For over a century, teachers and scientists have described the mammalian brain stem as having three parts—the midbrain, the pons, and the medulla oblongata—and the names of numerous structures inside the brain stem are consistent with this subdivision. This subdivision was based purely on the external appearance of the human brain stem and there is an urgent need to update the names of brain stem structures to be consistent with modern research findings relative to molecularly defined brain stem developmental units. Studies of developmental gene expression show that the current use of the term “pons” is in most cases very misleading (Puelles et al., 2013; Watson et al., 2017a). In addition, gross misinterpretations of brain stem organization have led to the mistaken inclusion of diencephalic structures in the midbrain, and the failure to recognize the isthmus as the first segment of the hindbrain. This essay will summarize the problems that have arisen from the conventional use of the traditional brain stem nomenclature, and will suggest alternatives based on developmental gene expression, progeny analysis, and fate mapping. In addition, we will comment on the names given to a number of internal brain stem structures and offer alternatives where we think it necessary.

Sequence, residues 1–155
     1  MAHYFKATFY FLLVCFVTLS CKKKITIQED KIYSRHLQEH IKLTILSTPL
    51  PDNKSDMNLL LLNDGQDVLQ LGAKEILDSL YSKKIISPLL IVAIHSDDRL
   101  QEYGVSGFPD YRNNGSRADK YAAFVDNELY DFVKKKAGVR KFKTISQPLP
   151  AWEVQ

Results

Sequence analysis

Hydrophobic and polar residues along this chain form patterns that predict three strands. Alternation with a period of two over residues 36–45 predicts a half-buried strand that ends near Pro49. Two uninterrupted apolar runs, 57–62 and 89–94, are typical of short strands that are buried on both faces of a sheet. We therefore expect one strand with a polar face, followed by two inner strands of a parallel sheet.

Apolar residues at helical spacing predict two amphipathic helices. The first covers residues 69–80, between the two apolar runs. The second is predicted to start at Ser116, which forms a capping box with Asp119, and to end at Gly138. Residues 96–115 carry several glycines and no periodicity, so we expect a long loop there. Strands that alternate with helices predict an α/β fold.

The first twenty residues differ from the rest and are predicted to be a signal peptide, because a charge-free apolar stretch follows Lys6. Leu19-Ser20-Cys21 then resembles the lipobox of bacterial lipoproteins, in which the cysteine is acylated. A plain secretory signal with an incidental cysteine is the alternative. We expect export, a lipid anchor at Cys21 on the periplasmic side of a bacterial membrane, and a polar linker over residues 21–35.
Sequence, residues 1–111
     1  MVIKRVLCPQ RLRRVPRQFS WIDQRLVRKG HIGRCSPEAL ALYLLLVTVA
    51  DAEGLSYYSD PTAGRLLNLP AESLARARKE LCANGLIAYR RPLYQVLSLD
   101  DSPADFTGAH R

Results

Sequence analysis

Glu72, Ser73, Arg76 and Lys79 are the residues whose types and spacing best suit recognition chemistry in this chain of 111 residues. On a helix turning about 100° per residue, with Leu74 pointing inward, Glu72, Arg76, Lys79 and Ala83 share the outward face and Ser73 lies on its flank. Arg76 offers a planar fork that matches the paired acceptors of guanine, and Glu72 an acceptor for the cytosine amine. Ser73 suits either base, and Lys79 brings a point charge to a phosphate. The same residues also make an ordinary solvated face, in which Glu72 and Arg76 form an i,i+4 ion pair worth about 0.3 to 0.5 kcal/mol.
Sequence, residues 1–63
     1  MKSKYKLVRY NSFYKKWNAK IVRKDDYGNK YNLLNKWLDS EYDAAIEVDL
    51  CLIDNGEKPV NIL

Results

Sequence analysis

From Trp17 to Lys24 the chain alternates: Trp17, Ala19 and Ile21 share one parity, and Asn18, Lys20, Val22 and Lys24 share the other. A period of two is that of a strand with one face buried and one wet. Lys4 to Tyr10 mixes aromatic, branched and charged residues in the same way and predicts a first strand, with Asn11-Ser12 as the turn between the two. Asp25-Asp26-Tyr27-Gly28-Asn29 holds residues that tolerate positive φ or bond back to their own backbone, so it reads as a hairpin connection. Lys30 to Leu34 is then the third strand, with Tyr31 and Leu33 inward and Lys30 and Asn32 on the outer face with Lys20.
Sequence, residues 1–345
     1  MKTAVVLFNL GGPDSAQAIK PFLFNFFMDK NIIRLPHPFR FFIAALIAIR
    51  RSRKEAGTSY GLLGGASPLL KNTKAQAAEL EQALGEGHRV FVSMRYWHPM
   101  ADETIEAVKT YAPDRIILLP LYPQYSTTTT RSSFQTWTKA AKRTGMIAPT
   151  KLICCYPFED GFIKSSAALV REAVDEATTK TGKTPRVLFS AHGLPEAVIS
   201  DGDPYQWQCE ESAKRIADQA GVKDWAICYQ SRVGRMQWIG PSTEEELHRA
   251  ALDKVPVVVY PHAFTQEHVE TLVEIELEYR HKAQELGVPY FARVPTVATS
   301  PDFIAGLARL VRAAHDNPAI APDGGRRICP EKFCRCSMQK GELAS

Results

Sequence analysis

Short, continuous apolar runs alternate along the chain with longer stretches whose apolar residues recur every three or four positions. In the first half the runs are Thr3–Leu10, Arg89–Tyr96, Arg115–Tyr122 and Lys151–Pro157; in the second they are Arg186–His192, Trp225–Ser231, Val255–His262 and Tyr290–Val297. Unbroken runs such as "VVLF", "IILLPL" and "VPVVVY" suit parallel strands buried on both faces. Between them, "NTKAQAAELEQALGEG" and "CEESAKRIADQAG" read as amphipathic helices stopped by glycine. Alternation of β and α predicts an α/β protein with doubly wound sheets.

The key to understanding the “natural” (i.e., gene-modulated) anatomy of the brain stem lies in an appreciation of its segmental rostrocaudal organization, without forgetting its parallel dorsoventral differentiation. A complete picture of the segmental organization has been revealed by a number of studies of gene expression during development, which have been summarized by Puelles et al. (2013) and Tomás-Roca et al. (2016).